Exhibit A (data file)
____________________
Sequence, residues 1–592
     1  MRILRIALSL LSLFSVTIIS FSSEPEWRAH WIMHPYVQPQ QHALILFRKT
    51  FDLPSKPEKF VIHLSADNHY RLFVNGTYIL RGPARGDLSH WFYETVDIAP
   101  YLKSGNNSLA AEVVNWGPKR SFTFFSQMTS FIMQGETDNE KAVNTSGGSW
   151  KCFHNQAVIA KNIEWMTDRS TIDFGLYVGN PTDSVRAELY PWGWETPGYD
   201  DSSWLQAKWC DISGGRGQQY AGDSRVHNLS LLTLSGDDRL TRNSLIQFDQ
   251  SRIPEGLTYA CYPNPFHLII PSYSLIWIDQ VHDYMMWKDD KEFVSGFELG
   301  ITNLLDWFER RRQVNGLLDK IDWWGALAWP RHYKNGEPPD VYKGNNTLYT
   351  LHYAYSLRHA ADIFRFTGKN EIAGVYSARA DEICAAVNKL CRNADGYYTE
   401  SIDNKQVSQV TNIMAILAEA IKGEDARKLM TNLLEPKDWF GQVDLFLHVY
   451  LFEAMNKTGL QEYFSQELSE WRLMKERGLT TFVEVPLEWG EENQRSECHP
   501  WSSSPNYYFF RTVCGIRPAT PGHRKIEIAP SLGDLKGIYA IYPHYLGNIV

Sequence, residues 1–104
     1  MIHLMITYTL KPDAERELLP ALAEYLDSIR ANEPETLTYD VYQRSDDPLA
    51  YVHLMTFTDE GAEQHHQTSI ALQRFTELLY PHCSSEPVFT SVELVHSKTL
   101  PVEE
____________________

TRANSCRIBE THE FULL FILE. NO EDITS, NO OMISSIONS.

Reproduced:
Sequence, residues 1–592
     1  MRILRIALSL LSLFSVTIIS FSSEPEWRAH WIMHPYVQPQ QHALILFRKT
    51  FDLPSKPEKF VIHLSADNHY RLFVNGTYIL RGPARGDLSH WFYETVDIAP
   101  YLKSGNNSLA AEVVNWGPKR SFTFFSQMTS FIMQGETDNE KAVNTSGGSW
   151  KCFHNQAVIA KNIEWMTDRS TIDFGLYVGN PTDSVRAELY PWGWETPGYD
   201  DSSWLQAKWC DISGGRGQQY AGDSRVHNLS LLTLSGDDRL TRNSLIQFDQ
   251  SRIPEGLTYA CYPNPFHLII PSYSLIWIDQ VHDYMMWKDD KEFVSGFELG
   301  ITNLLDWFER RRQVNGLLDK IDWWGALAWP RHYKNGEPPD VYKGNNTLYT
   351  LHYAYSLRHA ADIFRFTGKN EIAGVYSARA DEICAAVNKL CRNADGYYTE
   401  SIDNKQVSQV TNIMAILAEA IKGEDARKLM TNLLEPKDWF GQVDLFLHVY
   451  LFEAMNKTGL QEYFSQELSE WRLMKERGLT TFVEVPLEWG EENQRSECHP
   501  WSSSPNYYFF RTVCGIRPAT PGHRKIEIAP SLGDLKGIYA IYPHYLGNIV

Sequence, residues 1–104
     1  MIHLMITYTL KPDAERELLP ALAEYLDSIR ANEPETLTYD VYQRSDDPLA
    51  YVHLMTFTDE GAEQHHQTSI ALQRFTELLY PHCSSEPVFT SVELVHSKTL
   101  PVEE